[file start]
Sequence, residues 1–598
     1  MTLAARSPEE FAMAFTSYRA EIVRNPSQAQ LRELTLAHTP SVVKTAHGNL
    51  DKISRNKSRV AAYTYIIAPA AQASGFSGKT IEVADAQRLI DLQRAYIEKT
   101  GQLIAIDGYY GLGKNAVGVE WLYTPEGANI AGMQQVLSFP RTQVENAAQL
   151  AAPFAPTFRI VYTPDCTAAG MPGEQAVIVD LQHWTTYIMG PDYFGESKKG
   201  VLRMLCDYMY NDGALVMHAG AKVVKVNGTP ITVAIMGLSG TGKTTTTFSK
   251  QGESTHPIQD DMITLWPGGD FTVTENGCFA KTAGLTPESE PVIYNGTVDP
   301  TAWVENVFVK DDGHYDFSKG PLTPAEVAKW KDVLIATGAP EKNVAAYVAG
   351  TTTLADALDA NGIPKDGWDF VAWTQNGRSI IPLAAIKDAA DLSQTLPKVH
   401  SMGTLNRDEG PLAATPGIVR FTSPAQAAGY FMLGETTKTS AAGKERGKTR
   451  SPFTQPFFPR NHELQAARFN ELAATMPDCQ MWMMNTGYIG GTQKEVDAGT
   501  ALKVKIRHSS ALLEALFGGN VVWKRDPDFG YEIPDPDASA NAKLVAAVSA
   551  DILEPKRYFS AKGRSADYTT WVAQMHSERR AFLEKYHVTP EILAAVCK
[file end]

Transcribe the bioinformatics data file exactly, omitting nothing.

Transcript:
Sequence, residues 1–598
     1  MTLAARSPEE FAMAFTSYRA EIVRNPSQAQ LRELTLAHTP SVVKTAHGNL
    51  DKISRNKSRV AAYTYIIAPA AQASGFSGKT IEVADAQRLI DLQRAYIEKT
   101  GQLIAIDGYY GLGKNAVGVE WLYTPEGANI AGMQQVLSFP RTQVENAAQL
   151  AAPFAPTFRI VYTPDCTAAG MPGEQAVIVD LQHWTTYIMG PDYFGESKKG
   201  VLRMLCDYMY NDGALVMHAG AKVVKVNGTP ITVAIMGLSG TGKTTTTFSK
   251  QGESTHPIQD DMITLWPGGD FTVTENGCFA KTAGLTPESE PVIYNGTVDP
   301  TAWVENVFVK DDGHYDFSKG PLTPAEVAKW KDVLIATGAP EKNVAAYVAG
   351  TTTLADALDA NGIPKDGWDF VAWTQNGRSI IPLAAIKDAA DLSQTLPKVH
   401  SMGTLNRDEG PLAATPGIVR FTSPAQAAGY FMLGETTKTS AAGKERGKTR
   451  SPFTQPFFPR NHELQAARFN ELAATMPDCQ MWMMNTGYIG GTQKEVDAGT
   501  ALKVKIRHSS ALLEALFGGN VVWKRDPDFG YEIPDPDASA NAKLVAAVSA
   551  DILEPKRYFS AKGRSADYTT WVAQMHSERR AFLEKYHVTP EILAAVCK